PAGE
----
A version of this paper was published in Spanish in the volume Lenguas yuotaztecas: Acercamienta a su diversidad lingüística, ed by Karen Dakin and José Luis Moctezuma, 2014, here:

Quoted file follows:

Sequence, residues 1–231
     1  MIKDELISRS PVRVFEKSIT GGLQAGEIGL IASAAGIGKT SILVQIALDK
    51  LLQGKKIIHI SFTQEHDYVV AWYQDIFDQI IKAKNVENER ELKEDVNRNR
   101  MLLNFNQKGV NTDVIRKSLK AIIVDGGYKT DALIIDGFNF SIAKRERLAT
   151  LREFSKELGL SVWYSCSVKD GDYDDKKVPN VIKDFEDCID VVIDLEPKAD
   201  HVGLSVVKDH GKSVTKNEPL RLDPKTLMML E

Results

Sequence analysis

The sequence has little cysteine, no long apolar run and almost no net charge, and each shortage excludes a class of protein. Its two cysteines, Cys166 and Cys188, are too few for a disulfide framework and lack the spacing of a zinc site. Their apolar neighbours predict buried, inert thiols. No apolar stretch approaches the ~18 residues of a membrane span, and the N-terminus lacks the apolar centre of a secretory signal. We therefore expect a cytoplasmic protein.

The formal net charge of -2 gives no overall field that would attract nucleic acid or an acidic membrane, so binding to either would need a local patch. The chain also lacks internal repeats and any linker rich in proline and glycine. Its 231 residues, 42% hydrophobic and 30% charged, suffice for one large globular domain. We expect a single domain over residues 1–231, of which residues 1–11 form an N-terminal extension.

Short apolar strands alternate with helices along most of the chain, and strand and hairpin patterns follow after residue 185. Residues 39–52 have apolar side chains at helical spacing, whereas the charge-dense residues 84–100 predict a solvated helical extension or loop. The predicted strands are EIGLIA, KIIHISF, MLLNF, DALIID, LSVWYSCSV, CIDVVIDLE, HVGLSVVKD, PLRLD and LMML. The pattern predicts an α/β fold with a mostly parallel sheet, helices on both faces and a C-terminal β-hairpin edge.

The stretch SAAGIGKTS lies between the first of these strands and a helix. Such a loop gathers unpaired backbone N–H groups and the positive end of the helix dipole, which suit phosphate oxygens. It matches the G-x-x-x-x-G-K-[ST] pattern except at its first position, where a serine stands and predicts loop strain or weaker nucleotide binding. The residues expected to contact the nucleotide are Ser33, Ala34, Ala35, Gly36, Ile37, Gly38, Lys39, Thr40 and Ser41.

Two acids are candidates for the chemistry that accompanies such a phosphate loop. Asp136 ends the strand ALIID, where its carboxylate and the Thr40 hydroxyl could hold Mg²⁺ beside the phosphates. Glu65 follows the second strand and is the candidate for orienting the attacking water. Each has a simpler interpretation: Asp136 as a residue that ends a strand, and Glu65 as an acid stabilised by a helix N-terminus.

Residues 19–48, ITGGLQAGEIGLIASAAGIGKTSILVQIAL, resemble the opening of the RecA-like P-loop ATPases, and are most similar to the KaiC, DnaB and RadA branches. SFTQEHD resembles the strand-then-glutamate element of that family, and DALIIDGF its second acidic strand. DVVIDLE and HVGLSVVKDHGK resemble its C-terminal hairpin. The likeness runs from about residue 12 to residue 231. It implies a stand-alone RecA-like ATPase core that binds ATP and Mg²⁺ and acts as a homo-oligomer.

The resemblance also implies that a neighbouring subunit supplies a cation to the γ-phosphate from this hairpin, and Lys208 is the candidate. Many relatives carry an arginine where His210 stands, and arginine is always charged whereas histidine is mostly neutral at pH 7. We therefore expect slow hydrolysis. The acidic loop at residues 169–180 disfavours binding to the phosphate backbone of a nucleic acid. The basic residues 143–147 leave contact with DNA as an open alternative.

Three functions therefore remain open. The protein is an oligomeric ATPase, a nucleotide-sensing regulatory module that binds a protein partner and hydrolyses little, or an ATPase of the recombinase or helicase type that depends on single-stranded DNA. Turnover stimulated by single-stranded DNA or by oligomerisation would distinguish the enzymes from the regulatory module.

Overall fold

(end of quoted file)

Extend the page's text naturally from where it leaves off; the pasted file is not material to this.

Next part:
In this article we offer a systematic analysis of Hiaki direct and indirect causatives, paying particular attention to the behavior of Causees. We show that the Causee is never optional, but it is in fact either obligatory or forbidden in the direct and indirect Hiaki causatives, respectively. The central part of the paper presents a series of tests that effectively demonstrate the mandatory presence of the Causee in direct causatives and its obligatory absence in indirect causatives in Hiaki, and propose an analysis which exploits the split-VP architecture of Hale and Keyser (1993), Kratzer (1996). The difference in Causees between the two causatives are ascribed to the different selectional restrictions which we claim they impose, the direct causative selecting a VoiceP and the indirect causative a lower verbal projection. The rest of the paper discusses a problematic class of verbs which allow the optional presence of Causees in Hiaki indirect causatives, weakening the proposal. We argue that the limited context of occurrence of such examples and their association with a very reduced set of verbs suggests that this apparent optionality is not derived from the syntax of Hiaki indirect causatives, but from the internal properties of the limited set of the caused verbs themselves.